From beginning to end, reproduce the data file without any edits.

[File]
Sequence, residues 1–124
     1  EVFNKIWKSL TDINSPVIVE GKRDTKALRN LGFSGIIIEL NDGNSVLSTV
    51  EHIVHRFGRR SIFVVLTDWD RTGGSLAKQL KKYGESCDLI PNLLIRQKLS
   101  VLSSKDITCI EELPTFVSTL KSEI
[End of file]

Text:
Sequence, residues 1–124
     1  EVFNKIWKSL TDINSPVIVE GKRDTKALRN LGFSGIIIEL NDGNSVLSTV
    51  EHIVHRFGRR SIFVVLTDWD RTGGSLAKQL KKYGESCDLI PNLLIRQKLS
   101  VLSSKDITCI EELPTFVSTL KSEI